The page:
Hashem’s Favorite Night
What's the secret of Seder night? Why is a person so protected that he doesn't even need to say Kriyat Shema before going to sleep?
“This night is protected from the forces of evil” (Rama, Shulchan Aruch, Orach Chaim 481:2).
The Torah describes Seder night as a “night of protection” (Shemot 12:42), when God personally took His beloved children of Israel out of Egypt. The Midrash interprets the original Hebrew lail shimorim (night of protection) two different ways: First, it is a “reserved” night, since God redeemed Israel from bondage on the night of the 15th of Nisan, He reserves this same night to redeem his children Israel in the future (Yalkut Shimoni, Bo, 210). Second, it’s a “protected” night (ibid), since God’s divine presence repels all mazikim, the dark-side forces of evil.
“Night of protection” is no mere homiletic catchphrase; it’s anchored in religious law! The Abridged Code of Jewish Law (119:9), in explaining how to perform the latter part of the Seder, writes: “After grace following the meal, we pour the fourth cup. According to custom, we open the door in remembrance that tonight is a protected night and we fear nothing.”
What’s the secret of Seder night? Why is a person so protected that he or she doesn’t even need to say Kriyat Shema before going to sleep (ibid)? With God’s grace, the following parable will explain why:
The King was furious at his servants. One spilled the King’s best wine all over the monarch’s new white velvet robe. A second served the King “sweetened” tea with three teaspoons of salt instead of sugar. A third left a straight pin in the King’s new shirt that painfully pricked His Majesty in the arm. A cloud of premonition descended upon the palace. The servants trembled in apprehension of the King’s wrath.
The trusty butler summoned the palace musicians. The King craved music, especially the delightful string-instrument arrangements of his beloved musicians. “Go into the King’s chamber and begin playing – don’t stop even if your fingers fall off! Only you can placate the King,” said the butler with urgency.
All eyes were cast on the musicians: The violin laughed while the cello cried; the viola tiptoed on the upper octaves to the King’s delight, while the bass fiddle maintained a steady and soothing tempo that relaxed the King’s soul. Enchanted by the exquisite strains, the King put all other matters aside to fully enjoy the music. Gradually, a gratifying smile replaced the monarch’s frown.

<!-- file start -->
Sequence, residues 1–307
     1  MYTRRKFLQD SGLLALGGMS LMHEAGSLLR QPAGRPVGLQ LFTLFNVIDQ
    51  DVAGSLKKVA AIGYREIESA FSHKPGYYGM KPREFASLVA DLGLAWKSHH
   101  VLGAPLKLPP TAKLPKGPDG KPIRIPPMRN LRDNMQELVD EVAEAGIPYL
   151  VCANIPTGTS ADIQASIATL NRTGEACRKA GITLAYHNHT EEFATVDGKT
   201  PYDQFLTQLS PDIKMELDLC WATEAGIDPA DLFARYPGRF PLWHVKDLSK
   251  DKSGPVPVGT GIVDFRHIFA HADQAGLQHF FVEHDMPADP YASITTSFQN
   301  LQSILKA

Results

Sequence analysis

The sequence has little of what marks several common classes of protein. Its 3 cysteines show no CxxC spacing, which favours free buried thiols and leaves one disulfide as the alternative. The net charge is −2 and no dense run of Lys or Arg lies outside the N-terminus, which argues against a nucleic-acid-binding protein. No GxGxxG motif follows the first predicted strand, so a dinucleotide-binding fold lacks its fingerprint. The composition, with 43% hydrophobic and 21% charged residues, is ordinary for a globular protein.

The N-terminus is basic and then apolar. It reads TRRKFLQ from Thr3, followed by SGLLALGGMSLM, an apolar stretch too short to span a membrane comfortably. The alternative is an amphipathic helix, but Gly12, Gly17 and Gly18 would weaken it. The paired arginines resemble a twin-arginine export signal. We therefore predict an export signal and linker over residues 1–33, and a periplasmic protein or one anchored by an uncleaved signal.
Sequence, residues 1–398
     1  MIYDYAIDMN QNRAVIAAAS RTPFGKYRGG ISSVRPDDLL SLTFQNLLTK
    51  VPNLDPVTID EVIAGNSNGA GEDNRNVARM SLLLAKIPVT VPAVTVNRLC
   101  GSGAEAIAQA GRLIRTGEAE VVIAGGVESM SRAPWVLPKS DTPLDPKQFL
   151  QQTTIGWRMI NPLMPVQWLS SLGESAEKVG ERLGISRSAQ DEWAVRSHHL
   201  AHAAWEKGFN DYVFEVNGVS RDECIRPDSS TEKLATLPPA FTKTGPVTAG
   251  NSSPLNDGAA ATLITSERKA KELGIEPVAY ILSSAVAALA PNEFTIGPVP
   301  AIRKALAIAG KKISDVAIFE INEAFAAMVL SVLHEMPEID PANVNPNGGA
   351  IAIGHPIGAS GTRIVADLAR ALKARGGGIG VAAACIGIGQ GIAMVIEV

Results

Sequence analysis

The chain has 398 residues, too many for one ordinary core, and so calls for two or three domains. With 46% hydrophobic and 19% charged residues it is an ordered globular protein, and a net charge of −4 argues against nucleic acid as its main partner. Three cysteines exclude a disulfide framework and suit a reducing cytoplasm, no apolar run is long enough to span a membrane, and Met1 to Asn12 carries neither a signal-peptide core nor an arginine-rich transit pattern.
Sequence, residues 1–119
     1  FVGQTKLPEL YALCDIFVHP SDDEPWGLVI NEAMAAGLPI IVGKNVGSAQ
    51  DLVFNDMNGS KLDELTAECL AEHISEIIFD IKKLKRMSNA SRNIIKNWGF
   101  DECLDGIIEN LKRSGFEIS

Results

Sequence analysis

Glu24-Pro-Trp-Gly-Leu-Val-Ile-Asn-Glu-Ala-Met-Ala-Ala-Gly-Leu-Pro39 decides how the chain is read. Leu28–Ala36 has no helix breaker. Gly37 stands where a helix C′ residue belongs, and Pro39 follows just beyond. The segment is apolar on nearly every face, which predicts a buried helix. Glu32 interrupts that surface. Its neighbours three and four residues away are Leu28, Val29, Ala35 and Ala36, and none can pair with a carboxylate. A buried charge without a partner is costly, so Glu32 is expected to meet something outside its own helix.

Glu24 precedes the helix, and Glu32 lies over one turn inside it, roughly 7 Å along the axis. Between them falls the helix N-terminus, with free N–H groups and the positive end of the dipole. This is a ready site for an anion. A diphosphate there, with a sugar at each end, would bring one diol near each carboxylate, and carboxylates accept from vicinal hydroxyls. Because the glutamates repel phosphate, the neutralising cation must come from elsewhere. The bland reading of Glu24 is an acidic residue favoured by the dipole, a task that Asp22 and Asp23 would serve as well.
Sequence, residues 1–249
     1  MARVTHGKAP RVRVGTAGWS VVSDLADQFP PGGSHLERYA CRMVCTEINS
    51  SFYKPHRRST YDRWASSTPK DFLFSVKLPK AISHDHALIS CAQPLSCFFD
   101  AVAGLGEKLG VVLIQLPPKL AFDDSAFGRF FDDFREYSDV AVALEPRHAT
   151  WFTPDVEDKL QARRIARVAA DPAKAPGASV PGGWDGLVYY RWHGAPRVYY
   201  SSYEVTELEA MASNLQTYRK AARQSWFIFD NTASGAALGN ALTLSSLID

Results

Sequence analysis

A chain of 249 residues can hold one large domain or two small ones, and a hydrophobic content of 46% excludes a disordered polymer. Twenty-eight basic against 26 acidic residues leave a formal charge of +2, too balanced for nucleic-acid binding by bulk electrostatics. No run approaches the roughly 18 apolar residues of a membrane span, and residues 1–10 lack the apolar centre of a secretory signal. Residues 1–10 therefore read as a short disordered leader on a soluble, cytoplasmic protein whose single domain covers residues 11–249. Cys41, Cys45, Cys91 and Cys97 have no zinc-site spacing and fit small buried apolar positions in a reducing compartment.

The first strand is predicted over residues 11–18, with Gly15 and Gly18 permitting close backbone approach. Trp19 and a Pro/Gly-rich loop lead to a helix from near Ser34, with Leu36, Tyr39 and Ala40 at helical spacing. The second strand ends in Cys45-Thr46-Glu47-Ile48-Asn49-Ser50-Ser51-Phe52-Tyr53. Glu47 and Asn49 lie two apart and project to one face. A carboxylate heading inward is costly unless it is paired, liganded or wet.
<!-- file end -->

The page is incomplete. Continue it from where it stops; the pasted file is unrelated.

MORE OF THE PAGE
The musicians had saved the day. The King not only pardoned the servants, but declared a palace holiday in honor of his wonderful string quartet.
The string quartet is symbolic of the four sons. On Seder night, even the wicked, the simple, and the timid sons join their wise brother in singing God’s praise and relating the story of our exodus from bondage in Egypt. Such “music”, when all four sons join in, is indescribably gratifying to God, the King of all kings.
On Seder night, every Jew speaks to God. Rebbe Nachman of Breslev explains (Sichot HaRan, 70), “For when a Jew wishes to speak to God, God casts aside everything else. Evil decrees are even set aside at this time. God puts aside everything and only listens to the person seeking His presence.”
In light of Rebbe Nachman’s above teaching, it’s easy to understand why Seder night is called a “night of protection”, since all of Israel is busy at their Seder tables thanking God and singing His praise. All the heavenly hosts come to earth to hear the story of our exodus from Egypt. God bestows his divine presence on His beloved children, and listens to all the sweet words that are said around the Seder table. The evil elements
don’t dare show their faces on a holy night like this.
A person can turn any night into a “night of protection” by simply pouring his or her heart out in personal prayer. Rebbe Nachman teaches that when a Jew desires to speak to God, God moves everything aside to listen. By virtue of our speaking to God, we hasten the day of the in-gathering of the exiles and the final redemption of our people, amen.